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Namibian Elephant Corridor

A green corridor of 20 km connects the national park of Mudumu bordering the Zambezi Kavango reserve, thus opening access to the largest potential nature reserve on the planet: More than 500 000 square kms in Botswana, Zambia, Zimbabwe, Angola and Namibia.

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Oil prospecting and trophy hunting in Namibia

While Namibia awkwardly camouflages its quest for increased government revenues behind claims for wildlife conservation, reducing human wildlife conflict and diminishing poverty of its rural population, the government's current policies will achieve the opposite.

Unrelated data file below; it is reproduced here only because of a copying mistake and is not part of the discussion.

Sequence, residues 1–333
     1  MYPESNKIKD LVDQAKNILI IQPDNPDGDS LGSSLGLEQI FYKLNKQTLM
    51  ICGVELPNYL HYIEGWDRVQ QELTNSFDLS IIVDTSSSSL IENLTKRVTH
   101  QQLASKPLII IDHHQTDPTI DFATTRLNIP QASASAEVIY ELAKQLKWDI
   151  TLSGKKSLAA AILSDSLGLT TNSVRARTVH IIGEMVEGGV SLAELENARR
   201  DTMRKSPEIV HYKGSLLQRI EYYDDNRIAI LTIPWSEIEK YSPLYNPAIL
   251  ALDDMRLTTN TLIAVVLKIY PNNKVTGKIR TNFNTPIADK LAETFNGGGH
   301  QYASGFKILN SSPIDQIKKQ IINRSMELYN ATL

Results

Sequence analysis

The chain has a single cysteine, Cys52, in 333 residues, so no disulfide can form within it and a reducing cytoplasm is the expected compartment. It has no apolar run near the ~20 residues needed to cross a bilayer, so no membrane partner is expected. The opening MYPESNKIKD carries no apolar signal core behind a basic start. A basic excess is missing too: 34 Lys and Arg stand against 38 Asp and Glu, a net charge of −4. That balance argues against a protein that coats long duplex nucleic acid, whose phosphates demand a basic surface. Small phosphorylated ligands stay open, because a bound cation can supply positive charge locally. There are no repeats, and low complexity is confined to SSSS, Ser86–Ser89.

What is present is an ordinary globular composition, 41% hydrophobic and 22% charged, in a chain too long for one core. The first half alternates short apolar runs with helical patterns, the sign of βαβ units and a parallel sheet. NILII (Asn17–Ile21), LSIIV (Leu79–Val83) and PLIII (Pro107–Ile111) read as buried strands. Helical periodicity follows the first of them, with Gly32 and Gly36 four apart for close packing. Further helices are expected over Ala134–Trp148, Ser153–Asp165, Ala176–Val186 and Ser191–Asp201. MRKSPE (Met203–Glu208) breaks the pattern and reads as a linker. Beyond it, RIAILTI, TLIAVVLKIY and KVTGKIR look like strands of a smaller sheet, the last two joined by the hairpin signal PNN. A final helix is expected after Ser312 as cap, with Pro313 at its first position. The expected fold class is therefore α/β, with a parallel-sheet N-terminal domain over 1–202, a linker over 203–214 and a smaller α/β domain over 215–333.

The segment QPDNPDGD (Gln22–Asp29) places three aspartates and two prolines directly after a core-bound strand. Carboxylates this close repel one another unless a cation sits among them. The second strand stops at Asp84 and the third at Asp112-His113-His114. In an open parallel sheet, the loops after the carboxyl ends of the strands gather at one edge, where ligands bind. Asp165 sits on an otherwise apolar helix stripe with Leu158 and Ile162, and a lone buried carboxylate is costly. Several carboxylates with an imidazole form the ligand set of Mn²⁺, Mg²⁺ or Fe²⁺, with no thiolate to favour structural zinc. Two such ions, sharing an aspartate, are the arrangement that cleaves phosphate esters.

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Will elephants survive economic development in India?

Elephant populations in India have decreased from 3 million in the 17th century to barely 30 thousand today. Aside from poaching, wild elephants face decreasing habitats due to increasing human population and industrial development in and around their reserves and corridors connecting forests used by elephants for thousands of years. Train tracks  and motorways often go right through their habitat resulting in countless elephant deaths and human-elephant conflicts, dangerous to both humans and elephants. All of this in spite of elephants contributing immensely to the environment they live in.

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